'Brooklyn Laundry' review — Cecily Strong and David Zayas deal with a load of loss and love

Read our review of Brooklyn Laundry off Broadway, the latest new play written and directed by John Patrick Shanley and starring Cecily Strong and David Zayas.

Gillian Russo
Gillian Russo

Forget the dating apps — maybe the laundromat is be the place to find your next great love story. That's the case in the Off-Broadway play in Brooklyn Laundry, where listless, hardened Fran (Cecily Strong) and optimistic laundromat owner Owen (David Zayas) strike up an unlikely flame. Problem is, that flame is dependent on them being idealized versions of themselves. When fear, sickness, and family obligations rear their ugly heads, neither one quite knows how to face those realities on their own, let alone together.

Brooklyn Laundry presents itself as an imperfect love story — a go-to premise for playwright John Patrick Shanley, best known to the masses for writing that seminal one Moonstruck. But what it seemingly strives to be about, but Shanley's dialogue or direction don't quite achieve, is the toll it takes on a person to feel like your life is never in your control.

Fran has two sisters, Susie (Andrea Syglowski) and Trish (Florencia Lozano). Among the trio, Trish's life is overtaken by cancer, Susie's by a loveless home life, and Fran's by the seismic impacts of those two situations on her own future — and therefore any potential one with Owen. Owen is mostly spared only because life's unexpected twists have worked out in his favor; a car crash and job loss ultimately led to a payoff, and sexual troubles, which drove his former fiancée away, diminish with Fran's help.

So it largely goes for the play, too. Things go wrong, but they work out thanks to varying degrees of contrivance. As Fran and Owen claw their way to a happy ending, scarring each other in the process, I couldn't quite believe it — it felt like these characters will go back to their reality-averse ways after the curtain falls on their brief minute of happiness. A line delivered by a standout Syglowski in an earlier scene suggests as much. But the sheer force of Zayas and Strong's talent will have you wishing the cycle will rinse out differently.

Brooklyn Laundry summary

Shanley's world-premiere play is his third production in the 2023-24 season. This "Shanleyissance," as I've dubbed it, began with an Off-Broadway revival of Danny and the Deep Blue Sea in the fall and a Broadway revival of Doubt, which began performances three days before Brooklyn Laundry and closes alongside it on April 14.

The show also marks Shanley's return to directing for the first time in seven years: The last time he staged one of his own plays was in 2017 with The Portuguese Kid, also presented by Manhattan Theatre Club.

What to expect at Brooklyn Laundry

Manhattan Theatre Club's stage in the underground of New York City Center is about the size of a laundromat, so with the help of Santo Loquasto's naturalistic set (which also revolves to reveal renderings of two homes and a restaurant), it certainly convinces as one. Arriving to it reminded me a little of my own biweekly laundry ritual: descending the stairs to the laundry below my own building, heaping bag in hand to present to the owner.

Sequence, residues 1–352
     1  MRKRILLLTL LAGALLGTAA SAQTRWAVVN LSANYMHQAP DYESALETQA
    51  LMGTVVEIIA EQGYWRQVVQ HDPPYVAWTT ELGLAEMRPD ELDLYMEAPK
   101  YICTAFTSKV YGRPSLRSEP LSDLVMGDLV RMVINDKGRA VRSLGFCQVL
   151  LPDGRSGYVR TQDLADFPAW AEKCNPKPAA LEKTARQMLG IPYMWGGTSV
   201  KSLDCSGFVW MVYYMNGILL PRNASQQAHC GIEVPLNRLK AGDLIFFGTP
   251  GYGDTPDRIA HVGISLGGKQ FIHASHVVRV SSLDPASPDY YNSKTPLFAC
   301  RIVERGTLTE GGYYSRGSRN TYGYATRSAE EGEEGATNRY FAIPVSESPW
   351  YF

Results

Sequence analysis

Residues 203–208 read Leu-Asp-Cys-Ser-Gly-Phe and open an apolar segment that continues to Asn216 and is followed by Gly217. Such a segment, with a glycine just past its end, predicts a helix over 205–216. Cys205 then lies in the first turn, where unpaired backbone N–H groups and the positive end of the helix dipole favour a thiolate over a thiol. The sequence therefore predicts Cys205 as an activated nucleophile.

We know each other by name, making the laundromat a reliable place to find a moment of community. Not unlike the theatre — and at Brooklyn Laundry in particular, as Fran and Owen's moment of connection over dirty clothes erupts into something much bigger.

What audiences are saying about Brooklyn Laundry

Audience responses to Brooklyn Laundry have been largely positive, with the show achieving an 83% audience approval rating on the consumer review aggregator Show-Score.

  • "See it if you want to marvel at Cecily Strong’s talent for 80 minutes of perfection." - Show-Score user Meghan 4060
  • "I enjoyed the show, I enjoyed the romantic cliches, I was blown away by the set and the acting... but 80 minutes felt short and so did the story. I really think the work was begging for a fleshed out 2nd act." - Show-Score user Harriet 4054
  • "Don't see it if realistic contemporary plays on the struggles and challenges of living a satisfying life is not your thing. A rare play that speaks clearly." - Show-Score user Buzzy
  • "[The show includes] depictions of cancer & death, lots of grief & loss. But characters have a sweet center however “gloomy” they present." - Show-Score user Alison 7003
  • "Nothing earth-shaking. Just a simple story by the great playwright/dialogue-writer John Patrick Shanley." - Show-Score user Zman 8279

Read more audience reviews of Brooklyn Laundry on Show-Score.

Who should see Brooklyn Laundry

  • Fans of Shanley's previous works: Unlikely love stories between troubled, ordinary people — like Roberta and Danny in Danny and the Deep Blue Sea and Loretta and Ronny in Moonstruck — are Shanley's specialty. He works firmly in his wheelhouse here.
  • Theatregoers seeking something short and sweet: At 80 minutes long, Brooklyn Laundry will have you in and out of the theatre before your local laundromat closes.
  • Fans of Strong and Zayas: Zayas excels at gruff characters with unexpected warmth, and Strong excels at warm characters with an unexpected edge. In other words, two sides of the same coin, making the actors a natural pair.

Learn more about Brooklyn Laundry off Broadway

Brooklyn Laundry follows a familiar formula, one that's tailor-made to pull the heartstrings. With the help of a winning cast, it will for many.

Learn more and get Brooklyn Laundry tickets on New York Theatre Guide. Brooklyn Laundry is at New York City Center through April 14.

Additional Brooklyn Laundry content

Photo credit: David Zayas and Cecily Strong in Brooklyn Laundry off Broadway. (Photo by Jeremy Daniel)

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